Saturday, January 8, 2011

On Bangladesh and Secularism

The Independent
Post Editorial
Saturday, 08 January 2011
Author / Source : M Serajul Islam

The annulment of the 5th Amendment by the Supreme Court early in the current term of the Awami League led to the need to restore certain fundamental elements of the 1972 Constitution that the 5th Amendment had deleted. Of these, the need to restore secularism is the most important. A section within the ruling party and civil society has been putting strong pressure on the government for its restoration. In a parliament where the Awami League has a 3/4th majority, acceding to the demands of these groups is a fairly simple matter. The Law Minister who has the primary responsibility for restoring secularism as a fundamental principle of state policy has assured unequivocally that this would be done. Nevertheless, a long time has elapsed but the government has not yet restored secularism in the Constitution.

The delay naturally raises questions in the public mind on whether the government has doubts about the issue. The delay also gives credence to what some feel that restoration of secularism in the Constitution may not be as easy as the protagonists would like them to believe. When the 1972 Constitution was written, the country had just become independent after a war of liberation during which the Pakistani army and their local collaborators used Islam to justify genocide and crimes against humanity. Thus when Secularism together with Nationalism, Socialism and Democracy were named as fundamental principles of state policy, the provision was perfectly in tune with the sentiments and emotions of the people.

The period preceding the 5th Amendment was tumultuous in the history of Bangladesh. The 4th Amendment, better known as the BAKSAL amendment, had frustrated a lot of people. Thereafter the dastardly nature of the assassination of Bangabandhu Sheikh Mujibur Rahman and his family added to their disappointment and frustrations. Hence when Secularism was deleted and Islam and other Islamic provisions inserted, there was indifference among the people who had more serious issues to be concerned with. During the decade-long Ershad regime, when democracy was held captive, the movement was against the military dictatorship. The political leadership of both the BNP and the AL that led the movement were too involved with restoring democracy and not secularism. There was little interest to restore secularism as a state principle even after democratic rule was restored in 1991. In its first term in office, the AL too was little bothered with secularism. In fact, the demand for bringing back secularism into the Constitution was the result of the High Court ruling of 2005 during the BNP era.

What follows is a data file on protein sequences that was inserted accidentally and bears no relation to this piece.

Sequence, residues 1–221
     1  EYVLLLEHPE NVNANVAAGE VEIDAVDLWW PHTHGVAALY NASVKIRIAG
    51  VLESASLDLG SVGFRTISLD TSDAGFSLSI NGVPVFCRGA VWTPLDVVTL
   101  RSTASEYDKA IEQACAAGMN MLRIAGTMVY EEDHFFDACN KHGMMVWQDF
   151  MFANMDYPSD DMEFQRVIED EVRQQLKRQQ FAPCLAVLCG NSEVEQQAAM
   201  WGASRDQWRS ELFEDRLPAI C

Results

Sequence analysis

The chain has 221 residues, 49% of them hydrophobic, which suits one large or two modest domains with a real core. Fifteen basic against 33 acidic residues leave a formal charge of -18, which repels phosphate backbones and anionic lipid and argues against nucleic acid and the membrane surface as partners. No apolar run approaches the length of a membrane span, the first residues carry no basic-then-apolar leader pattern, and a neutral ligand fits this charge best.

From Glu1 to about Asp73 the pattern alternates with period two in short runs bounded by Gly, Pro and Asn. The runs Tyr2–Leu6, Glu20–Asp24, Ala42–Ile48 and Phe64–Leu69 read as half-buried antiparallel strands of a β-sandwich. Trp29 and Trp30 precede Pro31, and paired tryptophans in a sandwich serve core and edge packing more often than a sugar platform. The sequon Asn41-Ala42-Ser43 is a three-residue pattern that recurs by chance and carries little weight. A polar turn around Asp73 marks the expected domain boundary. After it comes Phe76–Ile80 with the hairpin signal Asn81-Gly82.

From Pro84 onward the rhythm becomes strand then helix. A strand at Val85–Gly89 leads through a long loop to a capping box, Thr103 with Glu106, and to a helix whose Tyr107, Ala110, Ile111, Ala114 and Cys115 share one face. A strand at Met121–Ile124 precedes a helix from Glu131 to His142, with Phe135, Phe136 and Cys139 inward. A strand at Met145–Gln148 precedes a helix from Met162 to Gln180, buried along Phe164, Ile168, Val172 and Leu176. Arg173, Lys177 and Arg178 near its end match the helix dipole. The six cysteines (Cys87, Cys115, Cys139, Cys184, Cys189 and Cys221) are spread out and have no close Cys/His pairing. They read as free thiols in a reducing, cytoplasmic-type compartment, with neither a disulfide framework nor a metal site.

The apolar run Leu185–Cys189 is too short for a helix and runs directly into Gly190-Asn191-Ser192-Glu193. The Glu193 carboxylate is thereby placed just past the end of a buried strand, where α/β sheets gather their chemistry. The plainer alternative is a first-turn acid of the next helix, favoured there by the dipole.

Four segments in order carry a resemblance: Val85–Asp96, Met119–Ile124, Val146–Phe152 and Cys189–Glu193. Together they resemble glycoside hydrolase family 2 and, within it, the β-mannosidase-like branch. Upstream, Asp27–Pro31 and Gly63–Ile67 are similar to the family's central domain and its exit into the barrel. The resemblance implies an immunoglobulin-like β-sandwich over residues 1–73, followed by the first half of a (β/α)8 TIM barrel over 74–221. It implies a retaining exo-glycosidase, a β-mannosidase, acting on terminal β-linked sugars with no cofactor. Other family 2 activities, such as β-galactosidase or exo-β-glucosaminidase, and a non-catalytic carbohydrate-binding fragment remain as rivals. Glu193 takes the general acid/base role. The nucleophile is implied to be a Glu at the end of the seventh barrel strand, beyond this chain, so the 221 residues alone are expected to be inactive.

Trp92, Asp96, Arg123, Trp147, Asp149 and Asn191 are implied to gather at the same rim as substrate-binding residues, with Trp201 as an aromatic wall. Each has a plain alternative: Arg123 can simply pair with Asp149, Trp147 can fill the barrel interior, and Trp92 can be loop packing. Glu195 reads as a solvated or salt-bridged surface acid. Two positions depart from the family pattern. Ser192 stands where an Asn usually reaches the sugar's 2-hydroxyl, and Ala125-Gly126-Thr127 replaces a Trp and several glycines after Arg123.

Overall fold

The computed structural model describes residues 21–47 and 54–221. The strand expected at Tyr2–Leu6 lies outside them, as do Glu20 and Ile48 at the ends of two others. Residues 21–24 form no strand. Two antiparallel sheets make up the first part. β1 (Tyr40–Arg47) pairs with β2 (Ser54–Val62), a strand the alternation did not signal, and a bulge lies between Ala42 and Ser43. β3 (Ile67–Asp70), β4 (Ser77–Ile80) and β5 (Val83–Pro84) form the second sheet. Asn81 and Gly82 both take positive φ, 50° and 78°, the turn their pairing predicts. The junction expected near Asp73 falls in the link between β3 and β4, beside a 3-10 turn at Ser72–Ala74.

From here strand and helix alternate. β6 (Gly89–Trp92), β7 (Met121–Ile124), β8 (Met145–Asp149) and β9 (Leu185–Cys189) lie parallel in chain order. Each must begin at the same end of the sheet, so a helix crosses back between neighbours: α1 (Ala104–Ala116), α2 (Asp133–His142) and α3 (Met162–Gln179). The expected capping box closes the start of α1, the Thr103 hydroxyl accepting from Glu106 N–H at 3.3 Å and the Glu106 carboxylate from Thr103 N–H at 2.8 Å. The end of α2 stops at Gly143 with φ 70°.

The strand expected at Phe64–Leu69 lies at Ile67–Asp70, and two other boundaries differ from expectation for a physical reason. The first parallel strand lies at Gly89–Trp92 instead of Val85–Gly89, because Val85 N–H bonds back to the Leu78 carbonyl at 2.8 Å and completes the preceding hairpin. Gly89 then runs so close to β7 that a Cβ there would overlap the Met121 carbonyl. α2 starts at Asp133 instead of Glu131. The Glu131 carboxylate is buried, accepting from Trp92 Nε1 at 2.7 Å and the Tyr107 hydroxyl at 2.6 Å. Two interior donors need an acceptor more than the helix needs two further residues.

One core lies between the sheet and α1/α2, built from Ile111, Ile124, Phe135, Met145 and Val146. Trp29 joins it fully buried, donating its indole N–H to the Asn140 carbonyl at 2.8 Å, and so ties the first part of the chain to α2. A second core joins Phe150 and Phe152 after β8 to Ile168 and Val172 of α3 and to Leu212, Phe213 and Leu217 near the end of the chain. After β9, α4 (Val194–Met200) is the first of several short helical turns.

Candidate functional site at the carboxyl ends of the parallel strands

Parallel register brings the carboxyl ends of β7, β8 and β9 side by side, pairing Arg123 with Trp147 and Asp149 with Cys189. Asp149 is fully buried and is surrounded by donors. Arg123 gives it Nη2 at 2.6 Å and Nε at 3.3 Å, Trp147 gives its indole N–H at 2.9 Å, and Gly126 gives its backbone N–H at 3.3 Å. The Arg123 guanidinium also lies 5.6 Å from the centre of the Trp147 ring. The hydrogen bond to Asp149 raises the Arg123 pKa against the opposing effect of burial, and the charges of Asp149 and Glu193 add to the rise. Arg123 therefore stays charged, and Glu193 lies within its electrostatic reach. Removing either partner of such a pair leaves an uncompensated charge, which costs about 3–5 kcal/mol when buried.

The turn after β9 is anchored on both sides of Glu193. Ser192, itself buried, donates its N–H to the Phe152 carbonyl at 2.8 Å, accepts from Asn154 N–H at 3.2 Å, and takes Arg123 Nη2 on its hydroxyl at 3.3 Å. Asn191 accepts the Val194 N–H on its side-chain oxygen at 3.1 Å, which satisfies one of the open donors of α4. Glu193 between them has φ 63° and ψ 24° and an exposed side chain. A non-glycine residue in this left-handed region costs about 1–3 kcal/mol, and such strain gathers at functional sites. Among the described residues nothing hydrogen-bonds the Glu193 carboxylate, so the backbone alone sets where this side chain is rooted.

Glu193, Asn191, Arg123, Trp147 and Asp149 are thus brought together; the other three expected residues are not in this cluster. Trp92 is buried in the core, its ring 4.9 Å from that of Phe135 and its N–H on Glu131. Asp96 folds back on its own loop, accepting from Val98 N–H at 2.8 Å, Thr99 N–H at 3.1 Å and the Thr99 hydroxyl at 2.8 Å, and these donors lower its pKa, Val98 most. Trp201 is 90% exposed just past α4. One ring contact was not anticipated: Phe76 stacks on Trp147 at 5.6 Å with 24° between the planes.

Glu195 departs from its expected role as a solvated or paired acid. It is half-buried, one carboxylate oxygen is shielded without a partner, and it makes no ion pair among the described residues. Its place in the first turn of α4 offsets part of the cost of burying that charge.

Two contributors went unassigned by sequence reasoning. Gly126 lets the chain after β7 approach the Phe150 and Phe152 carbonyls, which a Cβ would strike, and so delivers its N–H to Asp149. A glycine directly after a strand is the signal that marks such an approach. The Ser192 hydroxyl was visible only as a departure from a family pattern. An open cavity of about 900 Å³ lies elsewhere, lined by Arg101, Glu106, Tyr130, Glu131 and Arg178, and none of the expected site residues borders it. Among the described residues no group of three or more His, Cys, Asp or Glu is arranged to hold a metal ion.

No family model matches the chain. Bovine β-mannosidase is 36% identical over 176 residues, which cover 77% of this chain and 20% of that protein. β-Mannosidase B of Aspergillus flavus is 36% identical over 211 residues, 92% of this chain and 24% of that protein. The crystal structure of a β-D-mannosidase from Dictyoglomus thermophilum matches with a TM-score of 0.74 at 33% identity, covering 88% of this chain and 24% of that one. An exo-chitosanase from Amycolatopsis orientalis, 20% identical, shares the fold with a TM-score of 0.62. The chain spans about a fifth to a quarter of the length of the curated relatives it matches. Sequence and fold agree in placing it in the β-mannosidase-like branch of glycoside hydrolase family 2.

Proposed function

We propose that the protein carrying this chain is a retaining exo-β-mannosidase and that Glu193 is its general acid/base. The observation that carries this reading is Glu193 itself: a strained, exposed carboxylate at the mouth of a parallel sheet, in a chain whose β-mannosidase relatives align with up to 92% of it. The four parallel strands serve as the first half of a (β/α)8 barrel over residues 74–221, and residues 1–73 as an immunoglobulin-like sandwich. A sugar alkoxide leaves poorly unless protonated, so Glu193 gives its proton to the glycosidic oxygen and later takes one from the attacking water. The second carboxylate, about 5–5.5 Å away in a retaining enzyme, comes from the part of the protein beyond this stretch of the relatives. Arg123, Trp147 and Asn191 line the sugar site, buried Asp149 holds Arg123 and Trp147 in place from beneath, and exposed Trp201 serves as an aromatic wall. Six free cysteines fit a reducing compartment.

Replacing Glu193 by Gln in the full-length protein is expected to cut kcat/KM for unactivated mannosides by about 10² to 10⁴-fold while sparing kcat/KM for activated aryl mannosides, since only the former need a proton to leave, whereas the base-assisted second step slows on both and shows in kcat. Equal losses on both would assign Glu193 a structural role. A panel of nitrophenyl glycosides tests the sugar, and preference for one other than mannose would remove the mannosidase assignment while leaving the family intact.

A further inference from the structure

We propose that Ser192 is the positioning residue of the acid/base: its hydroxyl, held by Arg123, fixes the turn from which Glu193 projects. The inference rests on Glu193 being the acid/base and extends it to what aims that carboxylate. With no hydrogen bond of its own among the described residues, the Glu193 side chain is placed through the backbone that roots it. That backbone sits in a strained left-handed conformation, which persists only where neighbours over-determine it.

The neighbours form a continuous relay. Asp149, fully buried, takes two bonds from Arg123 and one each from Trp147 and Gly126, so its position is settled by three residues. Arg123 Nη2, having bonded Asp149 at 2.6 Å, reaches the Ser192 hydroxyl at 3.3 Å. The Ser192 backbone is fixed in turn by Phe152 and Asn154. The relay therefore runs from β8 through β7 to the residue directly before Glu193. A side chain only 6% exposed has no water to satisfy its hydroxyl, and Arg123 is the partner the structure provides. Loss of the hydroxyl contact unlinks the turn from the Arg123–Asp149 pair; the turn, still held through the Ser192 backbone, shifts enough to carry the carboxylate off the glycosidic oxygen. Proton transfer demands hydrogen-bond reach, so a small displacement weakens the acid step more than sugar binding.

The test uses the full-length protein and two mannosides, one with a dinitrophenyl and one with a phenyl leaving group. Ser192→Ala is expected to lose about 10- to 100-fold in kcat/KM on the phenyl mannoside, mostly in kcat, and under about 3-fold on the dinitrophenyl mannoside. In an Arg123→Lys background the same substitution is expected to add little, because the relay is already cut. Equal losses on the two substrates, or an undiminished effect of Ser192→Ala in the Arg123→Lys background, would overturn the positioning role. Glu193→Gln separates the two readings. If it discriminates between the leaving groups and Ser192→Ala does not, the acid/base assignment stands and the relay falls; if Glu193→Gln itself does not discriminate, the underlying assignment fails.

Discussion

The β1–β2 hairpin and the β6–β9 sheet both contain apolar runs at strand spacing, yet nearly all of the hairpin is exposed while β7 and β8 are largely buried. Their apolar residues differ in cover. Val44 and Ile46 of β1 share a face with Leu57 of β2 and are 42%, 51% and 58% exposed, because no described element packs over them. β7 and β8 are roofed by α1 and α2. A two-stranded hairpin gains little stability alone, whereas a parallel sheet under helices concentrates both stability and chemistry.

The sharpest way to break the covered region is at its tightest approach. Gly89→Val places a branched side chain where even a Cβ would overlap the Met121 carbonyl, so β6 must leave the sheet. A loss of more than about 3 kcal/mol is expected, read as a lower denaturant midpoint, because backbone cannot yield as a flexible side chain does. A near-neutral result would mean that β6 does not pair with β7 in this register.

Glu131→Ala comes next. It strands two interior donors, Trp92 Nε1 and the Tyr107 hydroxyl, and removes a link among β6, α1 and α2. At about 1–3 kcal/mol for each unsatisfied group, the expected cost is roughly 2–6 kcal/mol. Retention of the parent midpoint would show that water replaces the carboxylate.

When a plaintiff asked for a ruling against a martial law regulation against the ownership of Moon Cinema, the Court ruled the entire 5th Amendment that had deleted secularism had also validated executive orders under martial law following the change of government in August 1975, as illegal. The BNP Government used legal means to hold the ruling of the High Court from going to the Appellate Division of the Supreme Court for a final ruling but when the AL returned, it moved the Supreme Court that called upon the government to restore the 1972 Constitution, not just with the issue of secularism but together with the Islamic provisions introduced through the 5th Amendment.

More than three decades have passed by between the deletion of secularism and introduction of the Islamic provisions. In those three decades, while the people politically marginalized the parties who collaborated with the Pakistanis in 1971 and used Islam as a political weapon, Islam itself gained in strength. Further, Bangladesh is an overwhelmingly Muslim majority country where the majority of the people are good Muslims who love their religion. Most of them are not educated enough to understand secularism the way its protagonists know and understand the concept.